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I'm currently developing a system to transmit data between client and server, and was wondering what the strength of the encryption I planned to use was.

My thought was to have a private/public RSA key pair and hand out the public key to each client (leaving the private key solely on the server). Each client would then generate their own AES key and RSA encrypt it. They would then AES encrypt their data and send the encrypted data and encrypted AES key to the server. The server would then decrypt the AES key using the private key, and then decrypt the data using the AES key.

Are there any security flaws I am missing and/or is there a better way to do this?

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4 Answers 4

up vote 16 down vote accepted

This is almost exactly how SSL/TLS works (check out the handshake section). The only thing to make it stronger is to generate the AES key for each connection, rather than using the same key each time. You might also want to digitally sign messages that go back and forth to avoid man-in-the-middle and other spoofing attacks.

Generally speaking, creating a good cryptosystem is very difficult. When possible, you should always favor an existing (trusted) application to help out. In this case, you might consider sending your messages using HTTPS, rather than creating your own system.

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+1 always opt to use existing security suites designed by experts over designing your own. –  Jim Deville Nov 2 '09 at 23:30
    
+1 exactly the design I'd use. –  user23743 Nov 2 '09 at 23:49
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Only thing to add is to use 1024-bit RSA for short-term secrets only, never any shorter key length, and 2048-bit for things with significant lasting value. –  Steve Gilham Nov 2 '09 at 23:49
    
+1 for the staqndard "use an existing system" advice. :) –  Nick Johnson Nov 3 '09 at 16:44
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You should give us more information about the language and platform you are using, so that we can give you specific recommendations about libraries that already exist and wich will handle the details for you. Using cryptographic primitives directly is not trivial and difficult to get exactly right, and with cryptography, you have to be "not exactly right" only once for your security to be broken.


To answer your question, it's generally a better idea to create a session secret (the AES key) through a Diffie-Hellman exchange, and each side use its private RSA key to sign its key-exchange data.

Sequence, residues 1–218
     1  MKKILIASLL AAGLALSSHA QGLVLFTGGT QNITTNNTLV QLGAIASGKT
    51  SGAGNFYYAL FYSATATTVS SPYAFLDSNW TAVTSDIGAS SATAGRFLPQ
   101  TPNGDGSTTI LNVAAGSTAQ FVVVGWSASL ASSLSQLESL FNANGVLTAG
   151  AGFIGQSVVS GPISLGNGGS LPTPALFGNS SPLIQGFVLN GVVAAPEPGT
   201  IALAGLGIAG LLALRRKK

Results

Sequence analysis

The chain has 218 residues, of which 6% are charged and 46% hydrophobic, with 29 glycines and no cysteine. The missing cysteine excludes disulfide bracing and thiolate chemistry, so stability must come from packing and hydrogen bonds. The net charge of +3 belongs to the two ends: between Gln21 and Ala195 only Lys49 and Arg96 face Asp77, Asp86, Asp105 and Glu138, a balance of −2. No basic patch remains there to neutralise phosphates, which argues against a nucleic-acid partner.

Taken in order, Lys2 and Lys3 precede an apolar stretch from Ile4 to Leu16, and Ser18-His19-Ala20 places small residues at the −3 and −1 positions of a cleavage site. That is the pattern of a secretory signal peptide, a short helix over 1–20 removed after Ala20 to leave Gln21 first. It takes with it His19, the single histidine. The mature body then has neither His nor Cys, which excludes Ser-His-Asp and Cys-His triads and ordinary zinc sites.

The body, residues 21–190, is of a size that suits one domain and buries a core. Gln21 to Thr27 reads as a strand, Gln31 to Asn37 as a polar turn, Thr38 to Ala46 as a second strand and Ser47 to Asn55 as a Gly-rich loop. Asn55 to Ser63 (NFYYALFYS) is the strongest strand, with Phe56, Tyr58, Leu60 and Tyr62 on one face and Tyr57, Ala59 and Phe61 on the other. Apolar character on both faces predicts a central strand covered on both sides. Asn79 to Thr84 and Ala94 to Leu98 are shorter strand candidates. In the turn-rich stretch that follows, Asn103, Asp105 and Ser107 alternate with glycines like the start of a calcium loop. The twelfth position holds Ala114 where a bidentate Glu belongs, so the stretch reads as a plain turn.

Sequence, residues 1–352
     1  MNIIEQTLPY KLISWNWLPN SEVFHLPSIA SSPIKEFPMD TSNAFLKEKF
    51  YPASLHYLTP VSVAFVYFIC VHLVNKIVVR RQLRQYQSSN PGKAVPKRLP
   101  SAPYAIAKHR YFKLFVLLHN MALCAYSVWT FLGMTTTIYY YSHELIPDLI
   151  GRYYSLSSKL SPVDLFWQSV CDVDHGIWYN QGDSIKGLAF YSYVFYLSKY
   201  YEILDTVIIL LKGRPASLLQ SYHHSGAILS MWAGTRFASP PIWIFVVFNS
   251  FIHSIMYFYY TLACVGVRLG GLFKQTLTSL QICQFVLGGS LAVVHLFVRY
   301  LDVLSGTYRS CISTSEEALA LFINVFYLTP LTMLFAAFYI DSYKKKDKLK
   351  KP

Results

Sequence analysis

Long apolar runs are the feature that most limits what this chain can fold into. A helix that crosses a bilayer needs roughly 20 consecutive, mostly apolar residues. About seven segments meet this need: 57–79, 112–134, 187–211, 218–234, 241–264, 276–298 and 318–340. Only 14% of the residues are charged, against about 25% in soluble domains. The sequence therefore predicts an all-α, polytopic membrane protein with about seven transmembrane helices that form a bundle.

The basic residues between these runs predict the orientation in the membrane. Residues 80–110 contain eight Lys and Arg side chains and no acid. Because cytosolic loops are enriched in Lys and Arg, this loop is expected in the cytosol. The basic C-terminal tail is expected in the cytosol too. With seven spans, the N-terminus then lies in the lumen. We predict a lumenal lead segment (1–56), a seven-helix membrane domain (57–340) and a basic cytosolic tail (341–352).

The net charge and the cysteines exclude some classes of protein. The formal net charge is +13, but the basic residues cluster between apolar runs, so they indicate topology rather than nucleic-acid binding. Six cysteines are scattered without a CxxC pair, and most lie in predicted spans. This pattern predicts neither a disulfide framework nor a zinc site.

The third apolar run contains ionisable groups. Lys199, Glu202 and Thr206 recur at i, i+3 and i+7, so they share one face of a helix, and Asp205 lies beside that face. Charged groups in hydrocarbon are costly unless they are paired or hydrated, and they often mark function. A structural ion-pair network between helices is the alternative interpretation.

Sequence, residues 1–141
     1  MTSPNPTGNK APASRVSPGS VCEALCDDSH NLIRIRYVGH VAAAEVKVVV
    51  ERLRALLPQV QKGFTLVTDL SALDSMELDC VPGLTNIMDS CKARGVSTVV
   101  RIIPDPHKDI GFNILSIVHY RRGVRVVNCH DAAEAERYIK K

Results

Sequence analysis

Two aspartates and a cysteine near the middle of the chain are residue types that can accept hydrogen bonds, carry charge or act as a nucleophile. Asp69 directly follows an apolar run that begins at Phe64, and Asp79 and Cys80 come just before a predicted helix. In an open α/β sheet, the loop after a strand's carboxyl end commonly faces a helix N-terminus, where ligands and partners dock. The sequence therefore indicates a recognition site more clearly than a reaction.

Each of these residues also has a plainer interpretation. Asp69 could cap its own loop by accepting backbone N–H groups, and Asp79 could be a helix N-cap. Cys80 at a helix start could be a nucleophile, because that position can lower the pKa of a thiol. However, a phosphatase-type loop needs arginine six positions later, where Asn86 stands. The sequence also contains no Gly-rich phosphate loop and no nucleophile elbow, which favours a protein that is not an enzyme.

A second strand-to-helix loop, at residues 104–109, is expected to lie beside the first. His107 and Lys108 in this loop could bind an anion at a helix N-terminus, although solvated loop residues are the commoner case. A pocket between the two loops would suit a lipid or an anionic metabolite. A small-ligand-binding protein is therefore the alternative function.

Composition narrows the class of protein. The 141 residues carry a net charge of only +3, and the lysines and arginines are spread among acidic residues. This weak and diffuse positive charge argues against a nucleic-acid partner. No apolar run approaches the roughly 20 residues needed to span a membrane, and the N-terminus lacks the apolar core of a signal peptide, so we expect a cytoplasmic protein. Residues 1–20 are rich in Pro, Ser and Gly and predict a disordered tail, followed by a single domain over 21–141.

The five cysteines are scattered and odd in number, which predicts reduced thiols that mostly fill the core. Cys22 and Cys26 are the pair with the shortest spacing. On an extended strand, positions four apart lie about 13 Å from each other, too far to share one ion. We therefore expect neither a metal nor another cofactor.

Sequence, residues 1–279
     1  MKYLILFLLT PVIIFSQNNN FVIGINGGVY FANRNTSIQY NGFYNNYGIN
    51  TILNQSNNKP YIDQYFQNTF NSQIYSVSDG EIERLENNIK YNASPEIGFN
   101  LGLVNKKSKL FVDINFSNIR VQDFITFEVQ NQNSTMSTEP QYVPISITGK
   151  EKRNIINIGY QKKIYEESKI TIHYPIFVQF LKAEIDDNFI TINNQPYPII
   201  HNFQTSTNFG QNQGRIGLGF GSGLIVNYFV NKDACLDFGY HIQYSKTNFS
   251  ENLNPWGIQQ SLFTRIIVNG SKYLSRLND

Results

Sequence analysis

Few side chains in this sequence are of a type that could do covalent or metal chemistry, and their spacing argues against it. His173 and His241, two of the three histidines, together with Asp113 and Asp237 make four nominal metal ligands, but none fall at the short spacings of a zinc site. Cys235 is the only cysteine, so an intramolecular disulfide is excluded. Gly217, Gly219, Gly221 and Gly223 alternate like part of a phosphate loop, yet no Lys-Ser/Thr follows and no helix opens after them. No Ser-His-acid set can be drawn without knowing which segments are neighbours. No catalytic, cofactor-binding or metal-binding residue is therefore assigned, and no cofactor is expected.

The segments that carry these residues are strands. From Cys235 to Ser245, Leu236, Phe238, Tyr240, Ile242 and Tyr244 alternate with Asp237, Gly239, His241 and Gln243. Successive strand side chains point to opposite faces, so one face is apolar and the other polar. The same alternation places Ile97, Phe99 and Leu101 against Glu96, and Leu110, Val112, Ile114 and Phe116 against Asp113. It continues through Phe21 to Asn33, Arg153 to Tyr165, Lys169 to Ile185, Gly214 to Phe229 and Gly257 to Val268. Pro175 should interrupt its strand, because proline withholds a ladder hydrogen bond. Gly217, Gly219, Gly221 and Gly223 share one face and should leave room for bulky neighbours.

Otherwise, if the session secret is not established through a DH exchange, an adversary that gains access to the private RSA key (which has to be stored somewhere) could decrypt all traffic that was ever sent between the client and server.

If the secret is established through a DH exchange, then only the authentication part of the protocol would be exposed. Although an adversary in possession of the private RSA key would then not be able to read any previous communication, he still could either enter an authenticated dialog with the client/server or launch a man-in-the-middle attack (which may or may not be easily done, depending on the network).

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One vulnerability would be if an attacker substituted their public key for the "real" public key. Then they would be able to intercept traffic as a "man-in-the-middle."

Protocols like S/MIME, PGP, and TLS use RSA encryption to transport keys just as you propose. However, the public keys they use are in certificates signed by trusted authorities.

The integrity of these trusted authorities must be carefully protected. For example, they might be burned into a tamper-proof hardware token, or a MAC might be computed over them using a password.

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I'm not sure your approach will protect anything! You're going to keep the private key on the server and the public key will be distributed. If I get a hold of your public key, I'll be able to interact with your server at will. I think you should reverse the key ownership; each client will hold it's-own private key and the server will have a list of public keys (ala SSH). The server will have to add 'authorized' public keys and only to holders of the private keys will be able to connect.

Hope this helps.

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